R. Kent Hughes makes these remarks:
Romans 8:28 does not mean, as is commonly thought, that “everything will turn out okay in this life.” It means, rather, that everything will work out for our ultimate good. These words have our eternal rather than our temporal good in mind. Bishop Anders Nygren writes:
“Just as the present aeon is to be followed by eternity, it has already been preceded by an eternity. Only when we see our present existence set in God’s activity, which goes from eternity to eternity, do we get it in right perspective. Then man comes to see that everything that comes to the Christian in this life—and consequently the sufferings of the present too—must work together for good to him.”
And R. C. Sproul offers this comment:
What we get from Romans 8:28 is this: in the short run each of us is visited at some point by tragedy. We are actors in the theater of the tragic. Tragedies are on our minds every day, but what Romans 8:28 teaches is that ultimately – not proximately but ultimately – there are no tragedies for the Christian. Tragedy now is a blessing later. In every tragedy we experience, God is working with it, molding it and shaping it, for our eternal blessedness. The tragic is ephemeral and temporary. It is in the world but never permanent.
Sure, it will be quite difficult for us to understand how yet another term in office with one of the most corrupt, evil and anti-Christian politicians in Australian history can be viewed as good. But Paul is talking about goods for the believer. And for the long haul it may be a very real bad thing for the state and the nation, but God can still use it to achieve his purposes in our lives and beyond.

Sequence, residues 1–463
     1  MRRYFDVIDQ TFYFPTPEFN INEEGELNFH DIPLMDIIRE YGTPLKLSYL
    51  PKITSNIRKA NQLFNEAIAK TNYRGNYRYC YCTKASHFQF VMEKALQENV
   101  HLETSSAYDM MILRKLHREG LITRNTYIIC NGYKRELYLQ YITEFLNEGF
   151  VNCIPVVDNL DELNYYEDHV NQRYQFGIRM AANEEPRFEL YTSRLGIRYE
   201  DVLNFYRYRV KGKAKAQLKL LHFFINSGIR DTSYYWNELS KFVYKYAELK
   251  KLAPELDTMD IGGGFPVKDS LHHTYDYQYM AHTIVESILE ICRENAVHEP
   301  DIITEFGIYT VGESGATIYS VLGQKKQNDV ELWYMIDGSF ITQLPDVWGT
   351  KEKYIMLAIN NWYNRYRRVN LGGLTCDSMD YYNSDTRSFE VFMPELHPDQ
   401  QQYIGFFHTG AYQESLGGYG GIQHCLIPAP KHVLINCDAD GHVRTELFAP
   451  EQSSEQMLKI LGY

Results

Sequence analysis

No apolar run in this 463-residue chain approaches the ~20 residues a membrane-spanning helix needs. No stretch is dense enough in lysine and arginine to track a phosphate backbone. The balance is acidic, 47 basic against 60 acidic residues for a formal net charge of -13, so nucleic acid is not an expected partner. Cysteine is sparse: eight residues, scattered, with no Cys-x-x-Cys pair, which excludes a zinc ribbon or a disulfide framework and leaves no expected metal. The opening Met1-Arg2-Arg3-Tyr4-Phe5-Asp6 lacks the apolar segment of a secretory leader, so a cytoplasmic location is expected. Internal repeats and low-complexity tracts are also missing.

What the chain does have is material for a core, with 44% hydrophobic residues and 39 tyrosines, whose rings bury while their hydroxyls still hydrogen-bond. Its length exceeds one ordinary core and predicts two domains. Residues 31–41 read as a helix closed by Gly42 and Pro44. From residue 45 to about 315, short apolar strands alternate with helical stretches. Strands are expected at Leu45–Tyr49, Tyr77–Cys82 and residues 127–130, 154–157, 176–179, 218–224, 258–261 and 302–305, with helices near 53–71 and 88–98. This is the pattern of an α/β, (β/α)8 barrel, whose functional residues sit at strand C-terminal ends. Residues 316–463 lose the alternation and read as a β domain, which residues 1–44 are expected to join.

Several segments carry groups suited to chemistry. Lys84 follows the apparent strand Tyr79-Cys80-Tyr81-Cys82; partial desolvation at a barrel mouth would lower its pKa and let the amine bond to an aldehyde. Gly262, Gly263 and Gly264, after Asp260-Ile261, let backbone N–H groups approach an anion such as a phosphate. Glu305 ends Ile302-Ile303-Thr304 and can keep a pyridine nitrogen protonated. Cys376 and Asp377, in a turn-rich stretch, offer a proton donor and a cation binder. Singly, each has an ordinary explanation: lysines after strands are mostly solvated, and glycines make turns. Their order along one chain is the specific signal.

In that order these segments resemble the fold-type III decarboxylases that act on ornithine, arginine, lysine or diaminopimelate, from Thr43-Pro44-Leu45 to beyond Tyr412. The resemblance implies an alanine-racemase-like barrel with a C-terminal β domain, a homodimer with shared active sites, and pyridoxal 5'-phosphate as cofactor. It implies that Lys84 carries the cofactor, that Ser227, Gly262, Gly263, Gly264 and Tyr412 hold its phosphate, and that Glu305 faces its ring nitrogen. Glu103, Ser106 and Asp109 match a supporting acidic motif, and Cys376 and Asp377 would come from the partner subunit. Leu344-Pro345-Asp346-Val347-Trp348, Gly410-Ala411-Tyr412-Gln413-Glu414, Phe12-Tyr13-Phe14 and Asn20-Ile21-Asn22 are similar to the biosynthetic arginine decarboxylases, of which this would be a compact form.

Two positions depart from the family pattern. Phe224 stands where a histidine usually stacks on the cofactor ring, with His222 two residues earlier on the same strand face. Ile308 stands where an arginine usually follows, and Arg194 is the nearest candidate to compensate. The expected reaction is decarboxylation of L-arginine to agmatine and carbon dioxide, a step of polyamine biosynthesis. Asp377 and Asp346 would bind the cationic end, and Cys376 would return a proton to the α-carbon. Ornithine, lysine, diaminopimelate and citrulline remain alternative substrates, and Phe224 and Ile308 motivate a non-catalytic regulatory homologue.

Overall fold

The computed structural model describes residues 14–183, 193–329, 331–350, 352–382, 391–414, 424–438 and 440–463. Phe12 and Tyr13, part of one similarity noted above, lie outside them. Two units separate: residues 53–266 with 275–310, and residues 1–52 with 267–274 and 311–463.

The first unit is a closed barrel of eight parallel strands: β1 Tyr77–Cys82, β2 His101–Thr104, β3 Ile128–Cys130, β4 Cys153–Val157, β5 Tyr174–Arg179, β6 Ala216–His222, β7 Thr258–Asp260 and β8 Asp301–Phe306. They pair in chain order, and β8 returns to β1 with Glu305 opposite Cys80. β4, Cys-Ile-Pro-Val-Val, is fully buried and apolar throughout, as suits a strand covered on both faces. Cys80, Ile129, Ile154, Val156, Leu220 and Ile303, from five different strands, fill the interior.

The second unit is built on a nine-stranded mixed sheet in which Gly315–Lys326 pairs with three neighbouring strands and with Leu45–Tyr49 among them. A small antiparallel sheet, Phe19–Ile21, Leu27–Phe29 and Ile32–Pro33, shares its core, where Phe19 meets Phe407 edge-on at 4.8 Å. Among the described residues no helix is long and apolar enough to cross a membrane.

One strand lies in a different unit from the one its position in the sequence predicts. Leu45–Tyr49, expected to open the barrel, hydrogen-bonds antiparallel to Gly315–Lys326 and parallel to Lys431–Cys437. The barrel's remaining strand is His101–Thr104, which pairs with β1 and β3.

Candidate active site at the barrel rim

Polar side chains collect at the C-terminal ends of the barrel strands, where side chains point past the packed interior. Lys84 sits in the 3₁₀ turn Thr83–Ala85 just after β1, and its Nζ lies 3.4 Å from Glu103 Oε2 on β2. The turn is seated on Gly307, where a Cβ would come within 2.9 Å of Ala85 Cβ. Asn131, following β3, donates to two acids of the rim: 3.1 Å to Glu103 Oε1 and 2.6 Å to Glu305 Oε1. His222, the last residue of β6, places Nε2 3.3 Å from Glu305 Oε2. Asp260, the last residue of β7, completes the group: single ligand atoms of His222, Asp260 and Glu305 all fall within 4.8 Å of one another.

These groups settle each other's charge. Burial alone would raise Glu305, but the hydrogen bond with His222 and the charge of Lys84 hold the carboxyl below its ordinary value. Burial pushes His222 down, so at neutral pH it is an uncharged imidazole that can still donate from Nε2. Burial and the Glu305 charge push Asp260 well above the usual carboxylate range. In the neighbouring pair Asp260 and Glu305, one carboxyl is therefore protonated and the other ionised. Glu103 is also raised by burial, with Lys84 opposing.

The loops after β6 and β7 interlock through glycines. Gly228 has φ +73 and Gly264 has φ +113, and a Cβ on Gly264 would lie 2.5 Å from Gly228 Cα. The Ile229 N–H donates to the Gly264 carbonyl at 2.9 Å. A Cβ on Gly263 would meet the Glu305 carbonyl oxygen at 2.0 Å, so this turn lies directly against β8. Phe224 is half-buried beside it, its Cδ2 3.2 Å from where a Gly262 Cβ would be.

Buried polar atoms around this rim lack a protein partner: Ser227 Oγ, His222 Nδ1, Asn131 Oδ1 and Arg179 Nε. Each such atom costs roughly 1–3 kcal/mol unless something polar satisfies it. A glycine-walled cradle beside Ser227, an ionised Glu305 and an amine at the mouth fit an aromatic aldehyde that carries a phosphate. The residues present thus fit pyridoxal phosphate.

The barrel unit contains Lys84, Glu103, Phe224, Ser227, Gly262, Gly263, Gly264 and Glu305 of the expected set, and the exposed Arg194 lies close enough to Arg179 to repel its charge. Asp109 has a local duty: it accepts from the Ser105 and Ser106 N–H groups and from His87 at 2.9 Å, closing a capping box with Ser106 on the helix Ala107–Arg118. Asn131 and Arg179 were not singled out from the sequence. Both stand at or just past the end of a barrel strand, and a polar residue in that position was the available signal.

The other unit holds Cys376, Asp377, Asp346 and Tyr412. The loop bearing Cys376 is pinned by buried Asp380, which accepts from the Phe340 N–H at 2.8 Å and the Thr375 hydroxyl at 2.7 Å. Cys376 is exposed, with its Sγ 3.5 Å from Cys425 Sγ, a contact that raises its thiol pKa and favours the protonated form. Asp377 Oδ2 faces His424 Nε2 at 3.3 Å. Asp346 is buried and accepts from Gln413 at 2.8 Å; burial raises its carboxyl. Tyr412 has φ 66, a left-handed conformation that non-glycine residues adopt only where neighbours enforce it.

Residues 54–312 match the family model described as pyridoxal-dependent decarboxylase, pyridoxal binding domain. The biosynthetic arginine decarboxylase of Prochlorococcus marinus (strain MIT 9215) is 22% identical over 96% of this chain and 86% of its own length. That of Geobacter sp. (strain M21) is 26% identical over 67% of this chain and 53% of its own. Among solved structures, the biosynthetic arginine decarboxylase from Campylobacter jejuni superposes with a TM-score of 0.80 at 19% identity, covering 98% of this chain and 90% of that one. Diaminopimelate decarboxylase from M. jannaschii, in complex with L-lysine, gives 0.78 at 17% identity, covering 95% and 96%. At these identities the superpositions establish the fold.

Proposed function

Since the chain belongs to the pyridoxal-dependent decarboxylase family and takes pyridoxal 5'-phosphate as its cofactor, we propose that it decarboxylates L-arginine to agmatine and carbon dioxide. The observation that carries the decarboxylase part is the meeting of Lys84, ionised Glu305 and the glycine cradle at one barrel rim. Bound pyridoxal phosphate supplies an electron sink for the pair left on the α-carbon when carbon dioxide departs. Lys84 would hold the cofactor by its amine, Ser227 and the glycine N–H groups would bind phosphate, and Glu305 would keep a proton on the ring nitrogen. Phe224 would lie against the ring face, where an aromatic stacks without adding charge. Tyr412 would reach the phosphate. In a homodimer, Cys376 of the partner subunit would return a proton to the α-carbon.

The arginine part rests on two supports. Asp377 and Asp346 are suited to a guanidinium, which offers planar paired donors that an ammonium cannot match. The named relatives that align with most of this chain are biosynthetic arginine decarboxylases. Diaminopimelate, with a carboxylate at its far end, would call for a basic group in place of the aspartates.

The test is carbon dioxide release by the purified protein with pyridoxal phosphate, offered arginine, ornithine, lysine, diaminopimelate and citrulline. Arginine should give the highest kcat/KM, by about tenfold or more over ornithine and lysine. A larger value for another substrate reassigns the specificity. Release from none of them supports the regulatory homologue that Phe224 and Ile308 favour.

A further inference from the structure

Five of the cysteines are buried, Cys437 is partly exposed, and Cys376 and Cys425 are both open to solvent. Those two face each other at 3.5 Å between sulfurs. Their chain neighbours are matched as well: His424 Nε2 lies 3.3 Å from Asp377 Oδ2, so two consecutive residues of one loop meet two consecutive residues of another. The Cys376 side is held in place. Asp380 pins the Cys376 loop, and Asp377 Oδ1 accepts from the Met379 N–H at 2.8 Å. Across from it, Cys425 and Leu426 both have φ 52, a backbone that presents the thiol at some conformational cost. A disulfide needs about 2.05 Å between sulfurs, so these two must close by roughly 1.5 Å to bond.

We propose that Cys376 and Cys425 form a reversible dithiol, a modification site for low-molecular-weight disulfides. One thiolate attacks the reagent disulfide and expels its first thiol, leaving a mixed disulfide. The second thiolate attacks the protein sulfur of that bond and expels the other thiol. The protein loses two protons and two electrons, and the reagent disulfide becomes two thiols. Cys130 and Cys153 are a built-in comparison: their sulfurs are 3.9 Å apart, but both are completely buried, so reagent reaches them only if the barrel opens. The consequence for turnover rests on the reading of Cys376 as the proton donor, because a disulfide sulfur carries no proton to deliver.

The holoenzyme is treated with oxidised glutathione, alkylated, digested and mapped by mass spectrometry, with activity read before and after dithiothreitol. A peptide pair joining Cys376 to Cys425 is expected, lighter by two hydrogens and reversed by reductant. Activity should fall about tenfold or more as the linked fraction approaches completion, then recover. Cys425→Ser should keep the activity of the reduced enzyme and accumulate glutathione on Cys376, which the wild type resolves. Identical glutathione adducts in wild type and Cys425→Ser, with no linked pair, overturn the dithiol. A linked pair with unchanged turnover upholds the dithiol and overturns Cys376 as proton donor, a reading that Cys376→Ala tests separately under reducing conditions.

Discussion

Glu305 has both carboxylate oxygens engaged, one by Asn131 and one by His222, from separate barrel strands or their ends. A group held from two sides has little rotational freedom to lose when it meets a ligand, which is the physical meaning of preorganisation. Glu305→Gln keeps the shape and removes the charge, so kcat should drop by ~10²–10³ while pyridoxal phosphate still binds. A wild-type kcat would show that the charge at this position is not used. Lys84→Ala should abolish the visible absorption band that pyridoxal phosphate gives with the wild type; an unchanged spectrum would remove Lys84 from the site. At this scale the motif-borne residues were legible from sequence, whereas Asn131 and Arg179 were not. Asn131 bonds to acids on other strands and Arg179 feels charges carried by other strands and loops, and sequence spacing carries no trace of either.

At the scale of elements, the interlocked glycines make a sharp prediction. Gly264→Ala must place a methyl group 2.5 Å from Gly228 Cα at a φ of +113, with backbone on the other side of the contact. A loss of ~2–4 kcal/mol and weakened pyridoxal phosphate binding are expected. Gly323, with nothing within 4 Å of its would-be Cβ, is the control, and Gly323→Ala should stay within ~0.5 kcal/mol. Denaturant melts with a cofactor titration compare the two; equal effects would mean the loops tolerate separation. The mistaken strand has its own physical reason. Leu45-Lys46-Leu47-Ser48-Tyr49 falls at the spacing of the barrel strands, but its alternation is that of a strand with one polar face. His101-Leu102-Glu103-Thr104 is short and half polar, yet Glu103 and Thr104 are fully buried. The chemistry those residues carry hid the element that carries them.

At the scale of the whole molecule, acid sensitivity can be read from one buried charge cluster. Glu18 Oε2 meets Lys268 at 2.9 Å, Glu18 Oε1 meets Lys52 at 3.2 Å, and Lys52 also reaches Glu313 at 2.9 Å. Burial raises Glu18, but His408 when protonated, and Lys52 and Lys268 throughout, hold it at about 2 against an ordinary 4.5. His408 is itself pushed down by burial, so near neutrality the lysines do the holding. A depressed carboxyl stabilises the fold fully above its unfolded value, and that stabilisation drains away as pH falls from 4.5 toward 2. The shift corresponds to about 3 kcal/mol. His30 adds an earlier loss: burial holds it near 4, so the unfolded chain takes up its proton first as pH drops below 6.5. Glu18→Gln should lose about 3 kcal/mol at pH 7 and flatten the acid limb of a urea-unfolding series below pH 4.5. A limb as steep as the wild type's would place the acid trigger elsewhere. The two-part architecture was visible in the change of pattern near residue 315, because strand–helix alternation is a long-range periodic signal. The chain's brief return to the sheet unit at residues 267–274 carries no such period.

And this is where faith comes into play. It sure does not look like anything good can come out of this disastrous political mess. But we are not God and we have no full idea as to what he is up to. But we do know that he is too wise to make a mistake, and too loving to be unkind.
So that means we CAN trust him, and we can cast all our cares upon him. Things are looking very grim right now, but Jesus is still on the throne, and he is still working out his purposes in our lives and in the nations. That is what gives us hope and that is what helps us to persevere.